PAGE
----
2. Peter,

      I am perplexed. Usually my son like any other child, would become irritable during an illness. Now with a bad viral bacterial combo infection (which seems to go on forever and has not spared my husband and me), he is really really happy but with a major OCD which seems to be becoming more and more elaborate. Running back and forth between wall or pieces of furniture, switch boards has now graduated to touching those entities with both palms and those entities now include people as well as, would you believe, a plate full of food. What the hell is going on?He has already completed seven days course of antibiotics but still has lot of nasal do I. But what to do about sons bizarre behaviour which he demonstrated at the neurologist s clinic as she watched calmly. I asked her if it could be strep related an d she said PANDAS presents as jerky movement though I have read ocds are also linked to bacterial as well as viral infection..probably triggered by oxidative stress or immune system activity. Any thoughts or should I just wait it out.

    3. Hi Tyler and Peter,

      Tyler, thanks for sharing the article - just read it and its fascinating.

      Tyler and Peter, this idea of acidity / ph levels is interesting in light of a paper I had recently linked, which can be found at:

      The full version, which anon kindly showed us how to access, provides a lot of interesting info, and lactate dehydrogenase and pyruvate were noticeably different than NTs.

      It may not be related to brain PH, but Caspase 7 was so far off NT, that I'm going to look into it to see where it may be relevant.

      If anyone has any insights, please share.


    4. Kritika, hopefully as the infection fades so will the OCD. If the OCD remains that would be the time to take some action.

    5. I would just like to highlight this comment by the author in the article Tyler posted:

      Even as it becomes clearer that brain acidity may be a key characteristic of schizophrenia and bipolar disorder, whether it is a cause or an effect remains an open question. According to Miyakawa, one possibility is that the increased acidity results from higher-than-normal neuronal activity in the brains of people with these disorders. “The neurons are more activated, more energy is needed, and that energy is provided by lactate,” he explains.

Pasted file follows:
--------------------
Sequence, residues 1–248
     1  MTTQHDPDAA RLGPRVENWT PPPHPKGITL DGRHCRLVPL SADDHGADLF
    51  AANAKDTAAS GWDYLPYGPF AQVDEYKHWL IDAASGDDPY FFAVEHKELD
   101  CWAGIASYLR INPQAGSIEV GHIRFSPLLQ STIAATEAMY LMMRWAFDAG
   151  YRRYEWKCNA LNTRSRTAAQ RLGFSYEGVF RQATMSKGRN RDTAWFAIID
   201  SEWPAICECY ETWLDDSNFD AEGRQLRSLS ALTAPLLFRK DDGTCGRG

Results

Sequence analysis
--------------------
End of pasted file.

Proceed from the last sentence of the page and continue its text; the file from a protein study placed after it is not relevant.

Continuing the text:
Another popular theory is that the greater brain acidity among people with these psychiatric disorders could be due to impairments in mitochondria, the powerhouses of cells, Regenold says. Richard Maddock, a psychiatry professor at the University of California, Davis, who did not take part in the new study, also believes that this could be the case. However, he adds, these two hypotheses are “not mutually exclusive.”

  7. Hi everyone,

    I'm always on the lookout for additional anti-purinregic options further to Dr. Naviaux's research, and found the following:

    So Salidroside is a component of Rhodiola Rosea, but some extracts have the Salidroside level standardized to 1%, while others have it at 3% or even 5%. I'm going to try the Webber Naturals one as it seems to be at 3%.

    I'll keep everyone posted - I'm not expecting a cure, I don't even know if at 3%, a normal dose even affects the P2X7 receptors enough to see a difference... but I will always give anything with a chance a try.

    If anyone has any comments on Rhodiola Rosea, especially if you're tried it, please share.


  8. Hi everyone,

    A new paper that may give us yet another clue to this mystery we call ASD:

    Expression and Regulatory Network Analysis of miR-140-3p, a New Potential Serum Biomarker for Autism Spectrum Disorder

    I'm always a big fan of papers that show a difference in some aspect of the ASD biology relative to normal controls, as these provide us with big clues. In this case, it's miR-140-3p

    I'll dig through it and post any items of interest, and ask everyone to kindly share any insights from this paper.